Nehra, the best bowler on the day, was steered to the third-man fence and then driven through covers. With Yuvraj controlling the pace of the innings, Gurkeerat had the luxury of taking singles and leaving it to his senior partner to find the boundaries.

There was the flick to the fine-leg boundary, the slog sweep and powerful drives off Yuvraj’s bat. Delhi skipper Gautam Gambhir put down a difficult chance at cover when Yuvraj, batting on 45, drove off-spinner Milind Kumar. No.3 Gitansh Khera too benefitted from Delhi’s butterfingers. In the first instance, he was dropped by Unmukt Chand at second slip and shortly after, by Virender Sehwag, who can’t seem to do anything right these days.

Gurkeerat, though, didn’t offer a chance. In Yuvraj’s company he grew in confidence and pierced the off-side field confidently. With Punjab on the threshold of victory, Yuvraj played to the galleries and hit a six over wide long on off left-arm spinner Varun Sood to finish the chase.

It was a dominating finish to a Yuvraj innings that had a workman-like start.

Brief Scores: Delhi 228 all out in 49.1 overs (Mithun Manhas 98, S Kaul 4/37, Harbhajan Singh 2/54) lost to Punjab 232 for 4 in 47 overs. (Yuvraj Singh 96 not out,Gurkeerat Singh 52 not out).

Points Punjab 4; Delhi 0.

Other results

North Zone: (At Palam) Services 171/8 in 32 overs (R Paliwal 54; R Dayal 2/20, W Raza 2/22) bt Jammu & Kashmir 169/ 9 in 32 overs (Hardeep Singh 66, Bandeep Singh 55*; Avishek Sinha 4/26, S Yadav 3/23) by 2 runs.

East Zone : (At Ranchi) Assam vs Orissa match — which was already reduced to 20 overs a side — was abandoned due to rain after 16.5 overs was bowled in the Assam innings.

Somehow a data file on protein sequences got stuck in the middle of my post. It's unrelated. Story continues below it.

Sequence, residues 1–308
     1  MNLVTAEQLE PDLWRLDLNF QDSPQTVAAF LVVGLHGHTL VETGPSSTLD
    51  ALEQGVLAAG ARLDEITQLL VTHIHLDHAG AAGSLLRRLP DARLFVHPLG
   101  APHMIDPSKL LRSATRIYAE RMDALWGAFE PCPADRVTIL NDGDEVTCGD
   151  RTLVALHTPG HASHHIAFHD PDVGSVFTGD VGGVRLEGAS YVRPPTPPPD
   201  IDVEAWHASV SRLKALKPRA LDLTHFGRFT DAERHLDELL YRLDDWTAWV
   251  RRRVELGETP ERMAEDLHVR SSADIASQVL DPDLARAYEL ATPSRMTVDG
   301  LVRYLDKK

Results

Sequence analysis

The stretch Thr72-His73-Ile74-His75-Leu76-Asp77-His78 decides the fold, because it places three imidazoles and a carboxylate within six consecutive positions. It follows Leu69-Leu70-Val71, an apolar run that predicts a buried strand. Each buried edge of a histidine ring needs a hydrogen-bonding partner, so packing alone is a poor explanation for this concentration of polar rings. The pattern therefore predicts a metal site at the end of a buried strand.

Brief scores: Assam 128/6 in 16,5 overs (P Aziz 61; D Behera 3/28) vs Orissa; At Ranchi: Jharkhand vs Tripura match abandoned without a ball bowled.

Harbhajan: Stock delivery is important

New Delhi: Ravichandran Ashwin’s loss of form and his recent alteration in bowling action during the Asia Cup has been the center of discussion. Harbhajan Singh, who was replaced by Ashwin as India’s premier off-spinner, believes that spinners must be able to deliver with their stock ball and use variations as a surprise.

“Variations are important but, you still need to have a stock ball. The batsmen still gets out the way they used to before. You shouldn’t forget your originality. Any spinner should least, be able to spin the ball,” Harbhajan said.

When asked specifically, about Ashwin’s performance in the Asia cup he said “I wouldn’t like to make any comments about a current India player. I haven’t seen the recent matches. I will always wish Ashwin luck as he is a talented bowler.”

About variations, Harbhajan added: “Whether you hold the ball cross-seam or straight you have to deliver off-spin. If he’s an off-spinner he should be able to bowl off-spin. Recently, I haven’t seen any spinner who can be perceived to be threatening.”

– Kartik Kumar (is a student of EXIMS)